Real Estate Agent Water Tour
KUNC (National Public Radio) Interview
The means of information sharing has evolved over 50 years. The water community must also evolve in its communication to reach broader audiences.
3. Grow Local Food
Repair aging irrigation infrastructure
Water for agricultural irrigation is critical for local food production. The ditches that provide water to farms are old and in need of repair. The ditches can benefit from upgrades that will deliver water more efficiently. These efficiency improvements can be done while also maintaining ecosystems such as wetlands that were created from seeping ditches.
Rubicon Gate to Pass Winter Flows
Education and training for next generation farmers
The average age of farmers/producers/ranchers and ditch superintendents is rising. There has historically not been very much coordinated succession planning and even less institutional leadership to address this looming issue. Leadership to train the next generation is warranted.
Encourage mutually beneficial water sharing between cities and farms
In order for cities to meet growth demands, the majority of the water will likely have to come from irrigated agriculture. To help alleviate the pressure on farmers to sell their water, new policy options have been created allow for the temporary leasing of water supplies. Temporary water sharing agreements, also referred to as Alternative Transfer Methods, provide another option to farmers who are seeking alternate sources of revenue while maintain ownership of the water rights.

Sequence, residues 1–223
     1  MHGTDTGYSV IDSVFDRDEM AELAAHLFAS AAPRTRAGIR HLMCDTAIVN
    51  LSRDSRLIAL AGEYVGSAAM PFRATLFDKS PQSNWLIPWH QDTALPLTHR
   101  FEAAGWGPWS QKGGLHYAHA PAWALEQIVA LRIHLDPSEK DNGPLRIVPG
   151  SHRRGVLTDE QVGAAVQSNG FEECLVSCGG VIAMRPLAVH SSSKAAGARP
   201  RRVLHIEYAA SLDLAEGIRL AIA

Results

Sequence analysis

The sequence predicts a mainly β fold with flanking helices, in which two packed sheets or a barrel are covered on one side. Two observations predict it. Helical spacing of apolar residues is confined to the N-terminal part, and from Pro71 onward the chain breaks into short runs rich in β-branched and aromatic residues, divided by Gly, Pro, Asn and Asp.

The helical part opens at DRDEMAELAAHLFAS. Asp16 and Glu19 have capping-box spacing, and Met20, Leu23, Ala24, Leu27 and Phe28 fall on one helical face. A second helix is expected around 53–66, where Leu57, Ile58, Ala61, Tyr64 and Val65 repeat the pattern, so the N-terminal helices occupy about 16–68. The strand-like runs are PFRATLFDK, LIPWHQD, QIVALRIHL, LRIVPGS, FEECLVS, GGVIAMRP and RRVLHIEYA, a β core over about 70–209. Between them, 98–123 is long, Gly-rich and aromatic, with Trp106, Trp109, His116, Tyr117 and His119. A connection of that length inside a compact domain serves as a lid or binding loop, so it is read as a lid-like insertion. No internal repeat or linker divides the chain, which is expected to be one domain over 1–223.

4. Store Water for Dry Years
In-stream flows for environment and recreation
Mined-out gravel pits can be lined and utilized to store streamflow during times of surplus. Water can then be released later in the year to supplement baseflows for fish, recreation, and out-of-priority depletions. These “creek improvement facilities” can be strung together throughout the valley to better manage water supplies for multiple benefits.
Kayak Course Downstream of Lyons, Colorado
Lined and Unlined Gravel Ponds Strung Together Along St. Vrain Creek
Mitigate climate uncertainty and optimizing water management
More persistent climate variability may significantly affect the availability and timing of water supply. To help mitigate uncertainty, water managers need the ability to opportunistically store water when it becomes available and then later, strategically and thoughtfully release it to mitigate future climate uncertainty.
5. Maintain Healthy Rivers and Creeks
The recently completed Stream Management Plan identified several reaches of St. Vrain and Left Hand Creeks in need of restoration to stabilize the creek channel and reconnect the floodplain. Multi-entity strategic partnerships and strong fundraising efforts will be necessary to achieve impact at-scale.
Facilitation of diversion structure bypass and fish passage improvements
Channel spanning water-diversion structures can impact fish by acting as barriers, fragmenting waterways. The fragmentation adversely impacts populations by inhibiting fish migration for reproduction, food foraging, and over-wintering. Colorado Parks & Wildlife has identified several priority diversion structures in need of fish passage retrofits and upgrades.
Oligarchy Ditch Diversion Fish Ladder